La Rondine (broadcast today in HD) has been absent from the Met for more than 70 years. The house brought it back solely as a vehicle for Angela Gheorghiu and her spouse Roberto Alagna. Why the Met let’s anything by Puccini languish while it finds the resources for Satyagraha or Dr Atomic can only be explained as a death wish.
Magda (aka The Swallow) is a Parisian kept woman who falls in love with Ruggero (a tenor of course) a naif from the country. Ruggero asks his mother for permission to marry Magda which is granted under the assumption that she’s an ok gal – think of La Traviata. Magda realizes that this is not going to work and breaks off the affair. They’re both very sad about parting. Before you write the plot off as outdated imagine that your son, just graduated from college, wants to marry an HIV-positive porn star with tattoos and pierced body parts. We’re just as easily shocked as any generation it just takes different jolts to draw it out.
There’s also Magda’s saucy maid Lisette (a high soprano) who has an affair with a second tenor Prunier. She borrows her mistress’s clothes and ends up in the same ballroom with her in the second act. Here think of Die Fledermaus. The first act is in Magda’s house. The second at Bullier’s. The final act is set in a hotel near Nice.
The opera’s comparative lack of popularity likely relates to its shallow story. Also nobody dies; this absence must have made the composer uneasy considering that both the soprano and leading tenor are unhappy at the curtain. Regardless the opera is full of great tunes. The best among them are Magda’s first act aria “Che il bel sogno” and the second act concertato “Bevo al tuo fresco sorriso”. Both are the equal of any of their like by Puccini. The duet that concludes the opera is also quite moving. It adds a little more emotion than the end of a brief affair merits. It’s likely that both Magda and Ruggero will soon forget about their fling and life will go on as if it never happened.
Madame Gheorghiu looked better than she did on last season’s telecast of La Boheme. The Met’s Peter Gelb appeared before the show started to announce that Gheorghiu was suffering from a cold but would bravely carry on nonetheless. Singers should not perform if they’re not able to give their best. Gelb shouldn’t give any of them a get out of jail free card. That said she sounded fine and did as much as she could with part given that video director Brian Large had the camera almost inside her nose for much of the performance. Her voice was under control and expressive though it is not as luscious as it used to be.
Alagna’s voice has coarsened. He did not produce a good sound until the last scene where he sounded like a spinto tenor rather than the lyric he once was. In his mid-forties his vocal future is uncertain.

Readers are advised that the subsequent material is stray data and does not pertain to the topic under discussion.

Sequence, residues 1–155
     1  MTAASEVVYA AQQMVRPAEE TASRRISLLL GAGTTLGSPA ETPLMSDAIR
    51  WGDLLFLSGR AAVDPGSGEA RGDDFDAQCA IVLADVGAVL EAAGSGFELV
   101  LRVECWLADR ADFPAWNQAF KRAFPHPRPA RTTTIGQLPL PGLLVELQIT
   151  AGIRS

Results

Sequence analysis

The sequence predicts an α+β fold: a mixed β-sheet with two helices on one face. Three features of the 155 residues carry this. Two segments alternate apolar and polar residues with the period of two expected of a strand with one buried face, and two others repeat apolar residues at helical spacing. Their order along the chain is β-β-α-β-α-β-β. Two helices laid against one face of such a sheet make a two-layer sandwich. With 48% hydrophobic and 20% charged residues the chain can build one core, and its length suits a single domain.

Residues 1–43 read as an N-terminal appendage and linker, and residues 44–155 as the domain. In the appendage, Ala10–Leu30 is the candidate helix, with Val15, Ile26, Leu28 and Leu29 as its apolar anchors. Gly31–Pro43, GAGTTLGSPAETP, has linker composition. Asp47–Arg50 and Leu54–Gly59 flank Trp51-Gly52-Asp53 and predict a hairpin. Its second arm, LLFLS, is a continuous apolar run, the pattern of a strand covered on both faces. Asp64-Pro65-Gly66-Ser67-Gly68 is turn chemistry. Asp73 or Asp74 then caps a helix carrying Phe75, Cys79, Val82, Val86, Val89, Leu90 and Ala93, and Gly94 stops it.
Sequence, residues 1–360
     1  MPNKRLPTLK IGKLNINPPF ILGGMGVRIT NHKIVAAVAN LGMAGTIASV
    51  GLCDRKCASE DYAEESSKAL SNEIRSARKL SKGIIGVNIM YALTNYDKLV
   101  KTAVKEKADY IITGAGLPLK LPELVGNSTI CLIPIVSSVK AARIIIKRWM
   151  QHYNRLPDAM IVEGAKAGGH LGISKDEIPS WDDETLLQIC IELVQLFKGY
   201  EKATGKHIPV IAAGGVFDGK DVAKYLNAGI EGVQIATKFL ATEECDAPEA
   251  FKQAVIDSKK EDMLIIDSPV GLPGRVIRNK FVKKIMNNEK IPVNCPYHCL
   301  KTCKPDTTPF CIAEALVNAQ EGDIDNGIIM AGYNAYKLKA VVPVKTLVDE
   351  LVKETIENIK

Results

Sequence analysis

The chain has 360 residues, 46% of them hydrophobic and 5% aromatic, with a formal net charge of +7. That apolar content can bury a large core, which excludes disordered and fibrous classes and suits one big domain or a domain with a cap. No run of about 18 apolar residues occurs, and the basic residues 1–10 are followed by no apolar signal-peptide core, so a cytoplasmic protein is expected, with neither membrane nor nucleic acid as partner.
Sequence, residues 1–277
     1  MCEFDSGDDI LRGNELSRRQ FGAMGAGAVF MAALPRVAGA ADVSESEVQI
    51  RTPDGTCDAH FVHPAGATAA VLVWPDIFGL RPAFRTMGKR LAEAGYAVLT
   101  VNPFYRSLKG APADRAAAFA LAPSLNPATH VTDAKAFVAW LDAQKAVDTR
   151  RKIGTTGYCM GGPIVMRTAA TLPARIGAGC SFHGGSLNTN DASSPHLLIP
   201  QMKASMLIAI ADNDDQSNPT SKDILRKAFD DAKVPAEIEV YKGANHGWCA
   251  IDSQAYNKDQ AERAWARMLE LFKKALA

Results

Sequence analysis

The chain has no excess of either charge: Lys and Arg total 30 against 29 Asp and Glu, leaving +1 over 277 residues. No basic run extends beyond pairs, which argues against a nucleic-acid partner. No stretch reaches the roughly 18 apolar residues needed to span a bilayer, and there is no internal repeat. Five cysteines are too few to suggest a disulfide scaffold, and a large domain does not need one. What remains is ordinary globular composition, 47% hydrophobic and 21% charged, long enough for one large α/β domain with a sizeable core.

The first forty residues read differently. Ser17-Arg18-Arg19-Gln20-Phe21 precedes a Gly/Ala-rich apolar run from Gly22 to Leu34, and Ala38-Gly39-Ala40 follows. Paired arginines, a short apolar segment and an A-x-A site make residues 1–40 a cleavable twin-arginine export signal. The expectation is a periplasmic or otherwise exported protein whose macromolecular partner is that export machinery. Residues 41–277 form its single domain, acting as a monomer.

The opera’s other couple Lisette (high soprano) and Prunier take up a lot of time but have little of interest to sing. Marius Brenciu has a nice lyric voice though he resorted to a falsetto high note in his third act solo. Lisette Oropesa was lively as the maid with the same first name. Her voice is a good example of the squeaky high soprano. She has a good stage presence and may develop into a first-rate coloratura – too soon to tell. Samuel Ramey did not have much to do as Rambaldo the older rich man who keeps Magda in high style. Accordingly, the wobble that has taken possession of his voice as he has aged was barely noticeable.
Marco Armiliato conducted with verve and at a crisp pace. He got all of the color and spirit out of Puccini’s wonderfully orchestrated score. He’s a fine presence in the Met’s Italian wing. The audience reaction to what was for most of them a new Puccini opera was rapturous. If opera wants new works it will first have to find a genius.
Stephen Barlow staged Nicolas Joël’s production effectively. Joël is recovering from a stroke and was unable to be in New York for this staging. The action proceeded without fuss allowing the attractive cast to move comfortably. Ezio Frigerio’s sets were beautiful and bright. The Art Deco salon in the first act was striking. Bullier’s was a spacious version of Toulouse-Lautrec. The final act set in the Riviera Hotel was breezy and obviously very high priced. It was probably not too far from the beach.
Now for the lead, I realize I put it at the end rather than the beginning, but I didn’t want to start with a bad attitude. In the middle of the second act there were some ugly sounds like when your computer’s sound card goes bad. This was followed by a decrease in the sound’s amplitude to almost inaudible. This glitch lasted for the rest of the act, through the intermission, and until the start of the third act. And then a cell phone went off.
Several of the more resourceful members of the audience called the Met. They said there was nothing wrong with the transmission. A search of the theater disclosed that no one was in the projection booth. When someone working for the theater (Movies 16, Lubbock TX) was found he (or she) allegedly said that there was a problem with the digital feed. I have no way to know if this problem was local or affected other venues. What I do know is that it ruined the performance. The best part of La Rondine’s music was lost. The system used for these broadcasts was likely made by Microsoft. They have the necessary expertise to screw up this badly. So the next time you go to an HD broadcast from the Met bring a radio and headphones as a backup.
Update: Had an email from a viewer from Maryland saying they had similar technical problems.